Topic Overview

Scleroderma is a rare disease in which a person’s immune system
begins to destroy normal, healthy tissues. (This is called an autoimmune disease.) As a result,
connective tissue of the skin, lungs, and internal organs-especially the
esophagus, kidneys, and digestive tract-is replaced with scar tissue. This
change causes the tissues to become stiff and the muscles to not work as
well.

In the esophagus, this makes it:

  • Easier for
    stomach juice to get into the esophagus. This happens because the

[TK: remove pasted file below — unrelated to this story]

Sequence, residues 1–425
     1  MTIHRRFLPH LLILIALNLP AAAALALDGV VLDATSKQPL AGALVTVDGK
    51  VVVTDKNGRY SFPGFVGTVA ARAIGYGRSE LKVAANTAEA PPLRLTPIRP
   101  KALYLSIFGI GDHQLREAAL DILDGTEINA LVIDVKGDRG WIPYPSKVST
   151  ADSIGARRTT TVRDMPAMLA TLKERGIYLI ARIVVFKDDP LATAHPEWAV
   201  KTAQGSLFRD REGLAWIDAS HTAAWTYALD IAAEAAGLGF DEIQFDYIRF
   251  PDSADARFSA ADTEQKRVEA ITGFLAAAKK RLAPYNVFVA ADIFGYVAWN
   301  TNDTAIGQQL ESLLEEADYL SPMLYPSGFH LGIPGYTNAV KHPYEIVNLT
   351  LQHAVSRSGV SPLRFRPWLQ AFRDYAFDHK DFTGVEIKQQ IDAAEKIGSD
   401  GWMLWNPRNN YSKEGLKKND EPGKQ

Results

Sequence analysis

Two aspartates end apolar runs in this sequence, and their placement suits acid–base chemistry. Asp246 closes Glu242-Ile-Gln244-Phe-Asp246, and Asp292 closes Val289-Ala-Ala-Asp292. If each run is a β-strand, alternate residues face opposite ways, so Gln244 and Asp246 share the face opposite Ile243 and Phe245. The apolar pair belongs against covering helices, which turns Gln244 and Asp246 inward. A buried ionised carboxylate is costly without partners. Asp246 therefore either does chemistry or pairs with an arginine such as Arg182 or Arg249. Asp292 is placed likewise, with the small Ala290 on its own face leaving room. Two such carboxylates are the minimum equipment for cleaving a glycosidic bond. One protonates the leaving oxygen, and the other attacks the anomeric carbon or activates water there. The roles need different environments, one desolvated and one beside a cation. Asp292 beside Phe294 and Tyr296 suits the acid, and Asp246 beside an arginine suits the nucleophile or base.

valve between the esophagus and stomach (lower esophageal sphincter) does not close tightly.
  • Harder to move stomach
    juices out of the esophagus. This happens because the squeezing motion of the esophagus
    (peristalsis) does not work as well as it should.

CREST syndrome is a limited type of scleroderma that can also affect the esophagus.

Credits

ByHealthwise Staff
Primary Medical Reviewer Adam Husney, MD – Family Medicine
Martin J. Gabica, MD – Family Medicine
Kathleen Romito, MD – Family Medicine
Specialist Medical Reviewer Peter J. Kahrilas, MD – Gastroenterology

Current as ofOctober 10, 2017